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Oct 30, 2010

"We rely upon artists to articulate what most of us can only feel in joy and sorrow. Whenever I feel my courage wavering I rush to them. They will give me the wisdom of acceptance, the will and resilience to push on." --Helen Hayes

Giving Slums a Human Face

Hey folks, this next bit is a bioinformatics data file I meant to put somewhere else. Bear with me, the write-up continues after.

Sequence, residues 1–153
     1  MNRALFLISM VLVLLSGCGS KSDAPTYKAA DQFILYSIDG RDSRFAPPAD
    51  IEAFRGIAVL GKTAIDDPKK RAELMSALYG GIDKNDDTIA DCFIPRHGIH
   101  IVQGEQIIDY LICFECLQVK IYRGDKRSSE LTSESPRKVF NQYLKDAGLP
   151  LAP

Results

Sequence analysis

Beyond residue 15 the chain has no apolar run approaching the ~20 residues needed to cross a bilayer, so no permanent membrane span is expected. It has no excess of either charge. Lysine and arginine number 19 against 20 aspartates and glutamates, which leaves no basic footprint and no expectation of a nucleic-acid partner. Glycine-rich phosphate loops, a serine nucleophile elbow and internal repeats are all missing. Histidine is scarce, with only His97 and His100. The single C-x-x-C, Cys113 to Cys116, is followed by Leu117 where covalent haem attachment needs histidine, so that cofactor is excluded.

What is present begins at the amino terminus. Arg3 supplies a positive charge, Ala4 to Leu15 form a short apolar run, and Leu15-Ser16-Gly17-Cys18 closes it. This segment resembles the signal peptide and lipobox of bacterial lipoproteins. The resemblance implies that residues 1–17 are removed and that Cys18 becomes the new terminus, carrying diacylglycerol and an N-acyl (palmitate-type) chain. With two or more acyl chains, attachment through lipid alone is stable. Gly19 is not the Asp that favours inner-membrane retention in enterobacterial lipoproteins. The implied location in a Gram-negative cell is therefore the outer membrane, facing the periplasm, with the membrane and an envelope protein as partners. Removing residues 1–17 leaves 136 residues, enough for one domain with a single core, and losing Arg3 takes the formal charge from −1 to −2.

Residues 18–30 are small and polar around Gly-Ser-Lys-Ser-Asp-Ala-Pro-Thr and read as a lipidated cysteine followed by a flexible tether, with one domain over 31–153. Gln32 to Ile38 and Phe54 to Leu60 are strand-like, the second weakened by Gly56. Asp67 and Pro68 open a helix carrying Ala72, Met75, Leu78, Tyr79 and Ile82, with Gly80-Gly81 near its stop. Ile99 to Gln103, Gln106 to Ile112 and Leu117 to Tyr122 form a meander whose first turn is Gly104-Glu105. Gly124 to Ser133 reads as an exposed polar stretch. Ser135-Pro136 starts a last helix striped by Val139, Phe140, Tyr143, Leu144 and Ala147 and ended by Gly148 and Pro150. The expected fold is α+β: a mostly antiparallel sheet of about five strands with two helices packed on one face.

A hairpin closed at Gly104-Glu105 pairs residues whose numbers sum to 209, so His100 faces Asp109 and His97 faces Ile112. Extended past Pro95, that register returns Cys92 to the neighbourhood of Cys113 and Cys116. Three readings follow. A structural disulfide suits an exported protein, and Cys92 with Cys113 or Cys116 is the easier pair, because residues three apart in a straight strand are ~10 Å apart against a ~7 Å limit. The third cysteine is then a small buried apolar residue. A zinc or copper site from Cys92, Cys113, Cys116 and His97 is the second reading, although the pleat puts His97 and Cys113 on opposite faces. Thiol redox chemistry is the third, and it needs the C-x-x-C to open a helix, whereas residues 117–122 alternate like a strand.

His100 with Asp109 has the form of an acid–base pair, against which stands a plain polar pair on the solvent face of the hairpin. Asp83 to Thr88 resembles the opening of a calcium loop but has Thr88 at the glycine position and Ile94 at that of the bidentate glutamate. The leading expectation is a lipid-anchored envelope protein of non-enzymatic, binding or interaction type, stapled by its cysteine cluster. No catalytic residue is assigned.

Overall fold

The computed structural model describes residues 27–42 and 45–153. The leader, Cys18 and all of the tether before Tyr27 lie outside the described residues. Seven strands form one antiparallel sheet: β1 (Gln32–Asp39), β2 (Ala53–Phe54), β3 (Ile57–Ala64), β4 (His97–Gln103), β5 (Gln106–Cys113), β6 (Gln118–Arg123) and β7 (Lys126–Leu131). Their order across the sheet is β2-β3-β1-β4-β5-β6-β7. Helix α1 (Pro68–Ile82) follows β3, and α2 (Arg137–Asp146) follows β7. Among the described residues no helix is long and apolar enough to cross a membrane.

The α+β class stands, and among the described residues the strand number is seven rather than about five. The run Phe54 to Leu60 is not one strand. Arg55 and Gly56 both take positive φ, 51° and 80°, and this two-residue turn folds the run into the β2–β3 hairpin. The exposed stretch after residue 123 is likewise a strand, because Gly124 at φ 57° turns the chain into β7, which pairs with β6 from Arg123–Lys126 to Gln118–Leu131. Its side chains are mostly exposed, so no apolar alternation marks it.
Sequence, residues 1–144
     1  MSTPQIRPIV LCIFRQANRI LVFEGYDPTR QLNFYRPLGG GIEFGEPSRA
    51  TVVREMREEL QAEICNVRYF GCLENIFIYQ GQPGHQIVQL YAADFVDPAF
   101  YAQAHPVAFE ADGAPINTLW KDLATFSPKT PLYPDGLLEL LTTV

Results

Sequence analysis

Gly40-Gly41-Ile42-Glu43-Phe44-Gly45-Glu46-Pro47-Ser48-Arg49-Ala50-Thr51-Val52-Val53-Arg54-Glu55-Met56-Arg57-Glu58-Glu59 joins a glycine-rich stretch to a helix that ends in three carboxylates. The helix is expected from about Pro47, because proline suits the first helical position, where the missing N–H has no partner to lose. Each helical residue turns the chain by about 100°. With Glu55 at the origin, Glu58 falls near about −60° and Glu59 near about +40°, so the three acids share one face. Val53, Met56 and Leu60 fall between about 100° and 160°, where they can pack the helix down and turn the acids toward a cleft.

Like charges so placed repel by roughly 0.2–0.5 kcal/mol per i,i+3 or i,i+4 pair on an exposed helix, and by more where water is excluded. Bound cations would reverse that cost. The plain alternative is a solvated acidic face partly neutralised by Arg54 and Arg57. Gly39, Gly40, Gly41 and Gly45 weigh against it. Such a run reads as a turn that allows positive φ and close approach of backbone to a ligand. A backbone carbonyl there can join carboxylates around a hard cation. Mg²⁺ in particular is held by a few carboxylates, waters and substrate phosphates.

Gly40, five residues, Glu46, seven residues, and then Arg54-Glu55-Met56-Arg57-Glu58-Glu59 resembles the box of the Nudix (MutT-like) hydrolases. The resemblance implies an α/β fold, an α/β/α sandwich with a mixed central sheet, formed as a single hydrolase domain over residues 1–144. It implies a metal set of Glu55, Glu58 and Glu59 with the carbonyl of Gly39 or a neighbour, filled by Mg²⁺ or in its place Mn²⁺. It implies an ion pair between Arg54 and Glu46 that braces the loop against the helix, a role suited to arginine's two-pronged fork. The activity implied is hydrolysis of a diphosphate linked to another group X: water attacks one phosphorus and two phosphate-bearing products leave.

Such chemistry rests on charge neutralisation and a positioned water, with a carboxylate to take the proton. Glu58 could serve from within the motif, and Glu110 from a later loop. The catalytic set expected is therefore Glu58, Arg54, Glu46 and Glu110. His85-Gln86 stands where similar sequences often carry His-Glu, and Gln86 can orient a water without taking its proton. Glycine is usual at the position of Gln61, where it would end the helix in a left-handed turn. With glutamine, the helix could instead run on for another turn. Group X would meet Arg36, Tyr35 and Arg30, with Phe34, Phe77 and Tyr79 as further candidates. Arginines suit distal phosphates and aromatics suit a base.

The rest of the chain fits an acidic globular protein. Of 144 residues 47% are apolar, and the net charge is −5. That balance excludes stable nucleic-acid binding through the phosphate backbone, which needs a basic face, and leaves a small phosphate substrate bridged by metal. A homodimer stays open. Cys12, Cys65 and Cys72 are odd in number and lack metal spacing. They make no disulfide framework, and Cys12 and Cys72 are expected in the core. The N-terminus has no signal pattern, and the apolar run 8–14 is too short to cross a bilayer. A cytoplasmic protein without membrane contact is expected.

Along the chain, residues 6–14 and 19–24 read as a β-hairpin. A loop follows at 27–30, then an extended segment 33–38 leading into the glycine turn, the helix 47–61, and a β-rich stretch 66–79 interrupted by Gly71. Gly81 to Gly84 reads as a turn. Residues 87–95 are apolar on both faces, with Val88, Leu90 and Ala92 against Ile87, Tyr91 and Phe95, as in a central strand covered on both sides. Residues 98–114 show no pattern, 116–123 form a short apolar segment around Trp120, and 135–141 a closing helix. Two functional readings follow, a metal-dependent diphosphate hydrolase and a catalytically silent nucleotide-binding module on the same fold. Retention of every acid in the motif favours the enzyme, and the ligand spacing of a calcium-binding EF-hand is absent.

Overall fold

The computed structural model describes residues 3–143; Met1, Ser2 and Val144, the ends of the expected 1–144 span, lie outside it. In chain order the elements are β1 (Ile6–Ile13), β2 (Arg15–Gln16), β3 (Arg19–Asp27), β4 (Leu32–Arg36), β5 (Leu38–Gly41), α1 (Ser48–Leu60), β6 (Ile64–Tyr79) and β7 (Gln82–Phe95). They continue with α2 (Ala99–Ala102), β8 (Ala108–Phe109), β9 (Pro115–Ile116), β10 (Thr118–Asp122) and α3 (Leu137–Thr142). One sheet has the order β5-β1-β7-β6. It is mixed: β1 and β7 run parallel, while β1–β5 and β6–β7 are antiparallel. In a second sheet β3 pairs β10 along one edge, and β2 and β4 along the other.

It's not common for important philanthropic prizes to go to people whose work involves criminal trespass and who make statements like the following: "You never know who's part of the police and who's not." But the TED conference plans to give its annual $100,000 prize to the Parisian street artist known as J R, a shadowy figure who made a name for himself by plastering colossal photographs in downtrodden neighborhoods around the world. The images usually extol local residents, to whom he has become a Robin Hood-like hero. Prize director Amy Novogratz said picking an artist like JR, who is 27 and fiercely protective of his anonymity, was an unusual choice- past recipients include figures like Bill Clinton and Bono- but the prize committee felt his work could "catalyze the TED community" to support an art-centered philanthropic project.


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